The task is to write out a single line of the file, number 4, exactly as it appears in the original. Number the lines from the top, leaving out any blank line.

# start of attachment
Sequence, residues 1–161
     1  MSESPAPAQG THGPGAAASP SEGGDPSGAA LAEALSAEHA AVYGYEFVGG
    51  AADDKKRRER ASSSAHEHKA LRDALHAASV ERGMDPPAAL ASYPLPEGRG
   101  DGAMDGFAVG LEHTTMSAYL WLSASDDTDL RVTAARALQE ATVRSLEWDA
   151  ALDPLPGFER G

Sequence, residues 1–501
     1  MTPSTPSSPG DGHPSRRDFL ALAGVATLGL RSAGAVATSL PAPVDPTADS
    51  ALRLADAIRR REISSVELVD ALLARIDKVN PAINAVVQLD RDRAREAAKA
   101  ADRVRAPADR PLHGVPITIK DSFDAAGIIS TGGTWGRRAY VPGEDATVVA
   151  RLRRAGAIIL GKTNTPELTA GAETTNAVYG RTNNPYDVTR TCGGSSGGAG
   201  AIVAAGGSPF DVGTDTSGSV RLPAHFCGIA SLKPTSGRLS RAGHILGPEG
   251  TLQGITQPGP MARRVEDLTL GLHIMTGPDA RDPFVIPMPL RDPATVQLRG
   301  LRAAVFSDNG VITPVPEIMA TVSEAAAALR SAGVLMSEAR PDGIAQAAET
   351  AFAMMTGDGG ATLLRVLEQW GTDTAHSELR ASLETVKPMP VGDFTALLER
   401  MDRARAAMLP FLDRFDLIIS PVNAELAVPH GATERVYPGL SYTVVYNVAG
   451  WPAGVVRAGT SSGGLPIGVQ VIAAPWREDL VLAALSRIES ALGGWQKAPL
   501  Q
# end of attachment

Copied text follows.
   101  DGAMDGFAVG LEHTTMSAYL WLSASDDTDL RVTAARALQE ATVRSLEWDA